Posted on July 07, 2011 | By merrill@cellarit.com

Arguably, the finest sparkling wines in Australia come from Tasmania.  Bay of Fires‘ winemaker Fran Austin argues that what distinguishes the cool climate wines of Tasmania from their high altitude, cool climate counterparts on the mainland is the acid structure in the grapes: “A lot of mainland cool-climate regions are cool because they’re high up, not because they’re down south. In high-altitude wines, the acidity can taste hard. But in cool-latitude wines, you get softer, mouth-watering juicy acidity. And incredible depth of flavour – which means you can work the wines more, let them spend more time on lees before releasing them, producing a more complex end result.” (Epithany – Aussie Sparkling by Max Allen, Langton’s Magazine.)

The potential of Tasmania for producing fine sparkling wines was first recognised in the 1980s when the French Champagne House Louis Roederer established the Jansz vineyard in collaboration with Heemskerk in the Tamar Valley. Jansz was Tasmania’s first sparkling wine to be made according to the traditional méthod champenoise. In 2009 the Jansz Tasmania Premium Vintage Cuvee 2004 beat out some serious French competition to claim the Trophy for Best Sparkling Wine of the Show at the Sydney International Wine Competition.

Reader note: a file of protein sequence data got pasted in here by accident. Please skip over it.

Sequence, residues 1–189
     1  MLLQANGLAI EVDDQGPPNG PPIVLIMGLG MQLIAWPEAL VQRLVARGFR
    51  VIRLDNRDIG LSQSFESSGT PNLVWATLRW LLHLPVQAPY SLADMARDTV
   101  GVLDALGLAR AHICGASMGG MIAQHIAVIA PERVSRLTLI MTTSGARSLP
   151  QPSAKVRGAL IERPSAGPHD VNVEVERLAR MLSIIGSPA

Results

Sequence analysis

Last year the House of Arras released the EJ Carr Late Disgorged Sparkling 1998, which at a recommended retail price of  $190, made it the most expensive Australian sparkling wine on the market. Wine critic Max Allen described his reaction to a sneak preview over a decade ago of the 1995 Tasmanian vintage made by winemaker Ed Carr: “I still remember tasting these wines and thinking here was Australian sparkling that approached the best Champagne in terms of finesse, complexity and depth of flavour.” Epithany: Aussie Sparkling by Max Allen, Langton’s Magazine.

Taltarni owned Clover Hill in … Read the rest